Harry finds Jack during the battle and protects him after he was blinded. Harry finds letters from Ethne to Jack, but cares for his friend without identifying himself. Never knowing his rescuer, Jack is transported to England. He asks Ethne to marry him, but she does not answer and discusses it with Harry’s father.
Tom, another officer, tells Jack that Harry had visited him in Sudan and told him he had sent Abou to warn the British, and was bitter that his friends had not heeded him. Harry asked Tom for money and explained that he believes Trench lives on in the notorious Mahdi prison of Omdurman and he was determined to rescue him. Abou advised Harry against this venture, but he goes anyway.
In the prison, Harry finds Trench. They suffer greatly as they are starved and struggle to survive. After a failed escape attempt, they realize attempting to escape is futile. Later Abou rescues Harry and Trench by giving them a poison to fake their deaths. A suspicious guard follows the removal of the bodies, along with three other guards. Harry and Abou kill the four. Abou returns to the desert, and Harry escorts Trench back to Britain. Harry is acknowledged by his father and Ethne reclaims her feather, as Harry has proved his bravery. She has become engaged to Jack.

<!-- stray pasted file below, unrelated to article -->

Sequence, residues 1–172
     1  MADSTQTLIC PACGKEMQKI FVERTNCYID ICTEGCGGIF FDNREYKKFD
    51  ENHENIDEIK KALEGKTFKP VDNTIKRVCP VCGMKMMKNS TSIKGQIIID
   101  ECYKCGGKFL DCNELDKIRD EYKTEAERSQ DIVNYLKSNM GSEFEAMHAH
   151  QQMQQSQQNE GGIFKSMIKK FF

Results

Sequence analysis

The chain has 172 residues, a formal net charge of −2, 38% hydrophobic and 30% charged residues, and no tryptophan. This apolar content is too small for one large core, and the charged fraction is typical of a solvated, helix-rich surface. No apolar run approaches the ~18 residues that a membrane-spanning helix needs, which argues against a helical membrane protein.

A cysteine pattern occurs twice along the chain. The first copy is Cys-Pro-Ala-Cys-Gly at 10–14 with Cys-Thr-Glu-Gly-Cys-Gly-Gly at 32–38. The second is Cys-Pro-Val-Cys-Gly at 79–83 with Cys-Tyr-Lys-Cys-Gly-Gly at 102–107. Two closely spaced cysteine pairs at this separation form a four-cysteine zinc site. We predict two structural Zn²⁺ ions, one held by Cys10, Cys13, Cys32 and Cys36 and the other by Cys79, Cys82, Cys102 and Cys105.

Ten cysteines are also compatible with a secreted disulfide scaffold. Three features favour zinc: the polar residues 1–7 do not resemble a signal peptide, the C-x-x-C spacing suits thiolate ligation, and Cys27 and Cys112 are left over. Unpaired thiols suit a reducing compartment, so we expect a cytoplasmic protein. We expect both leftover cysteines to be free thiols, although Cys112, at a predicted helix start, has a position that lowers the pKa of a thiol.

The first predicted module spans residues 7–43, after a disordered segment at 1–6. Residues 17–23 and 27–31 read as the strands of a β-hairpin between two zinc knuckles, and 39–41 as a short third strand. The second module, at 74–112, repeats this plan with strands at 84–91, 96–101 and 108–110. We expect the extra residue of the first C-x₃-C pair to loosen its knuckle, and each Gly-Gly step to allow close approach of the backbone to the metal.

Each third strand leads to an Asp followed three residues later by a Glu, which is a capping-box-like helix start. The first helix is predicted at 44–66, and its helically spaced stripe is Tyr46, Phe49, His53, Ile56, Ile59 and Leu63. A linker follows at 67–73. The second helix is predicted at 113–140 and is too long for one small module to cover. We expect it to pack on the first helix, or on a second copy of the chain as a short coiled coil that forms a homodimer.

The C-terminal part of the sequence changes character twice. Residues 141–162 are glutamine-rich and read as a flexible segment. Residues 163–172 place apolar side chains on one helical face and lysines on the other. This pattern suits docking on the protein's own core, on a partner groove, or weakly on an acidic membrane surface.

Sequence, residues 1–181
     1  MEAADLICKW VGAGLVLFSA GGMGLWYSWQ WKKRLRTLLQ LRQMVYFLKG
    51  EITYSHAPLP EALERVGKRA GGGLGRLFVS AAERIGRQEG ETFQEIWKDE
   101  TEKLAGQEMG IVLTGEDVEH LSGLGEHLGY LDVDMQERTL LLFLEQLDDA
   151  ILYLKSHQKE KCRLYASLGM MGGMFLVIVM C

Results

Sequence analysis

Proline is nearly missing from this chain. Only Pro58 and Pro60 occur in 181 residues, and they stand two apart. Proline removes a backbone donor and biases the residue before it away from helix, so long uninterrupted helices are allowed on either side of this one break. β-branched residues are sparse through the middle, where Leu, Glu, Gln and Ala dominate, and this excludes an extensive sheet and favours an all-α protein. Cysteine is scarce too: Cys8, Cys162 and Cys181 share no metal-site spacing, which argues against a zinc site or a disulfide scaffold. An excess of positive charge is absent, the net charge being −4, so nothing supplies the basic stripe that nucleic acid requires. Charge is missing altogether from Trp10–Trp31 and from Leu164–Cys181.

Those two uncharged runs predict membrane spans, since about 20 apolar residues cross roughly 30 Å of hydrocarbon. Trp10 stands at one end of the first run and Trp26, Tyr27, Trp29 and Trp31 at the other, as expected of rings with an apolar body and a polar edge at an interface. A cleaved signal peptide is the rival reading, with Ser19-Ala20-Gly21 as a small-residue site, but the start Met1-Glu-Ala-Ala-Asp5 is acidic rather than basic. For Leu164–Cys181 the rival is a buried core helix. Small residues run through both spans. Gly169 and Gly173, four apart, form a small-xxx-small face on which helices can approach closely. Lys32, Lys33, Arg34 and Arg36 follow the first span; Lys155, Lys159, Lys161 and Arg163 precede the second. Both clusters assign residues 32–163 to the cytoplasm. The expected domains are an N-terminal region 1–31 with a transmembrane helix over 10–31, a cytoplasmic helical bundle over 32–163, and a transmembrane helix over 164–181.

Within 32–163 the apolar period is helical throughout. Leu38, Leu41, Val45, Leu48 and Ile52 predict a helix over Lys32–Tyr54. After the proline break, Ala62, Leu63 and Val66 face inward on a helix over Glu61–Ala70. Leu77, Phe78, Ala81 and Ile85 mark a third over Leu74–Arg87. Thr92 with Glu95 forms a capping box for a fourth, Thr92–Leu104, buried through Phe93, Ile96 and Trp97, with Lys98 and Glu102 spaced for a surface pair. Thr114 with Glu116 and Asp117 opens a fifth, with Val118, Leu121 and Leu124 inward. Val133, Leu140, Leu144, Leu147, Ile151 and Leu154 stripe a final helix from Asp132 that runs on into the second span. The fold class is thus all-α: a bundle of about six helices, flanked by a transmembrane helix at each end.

Jack learns that Harry was his rescuer when he happens to touch his face; he releases Ethne from their engagement. After a ceremony of remembrance, Harry and Ethne hold hands and are engaged again.
- Heath Ledger as Harry Faversham.
- Wes Bentley as Jack Durrance.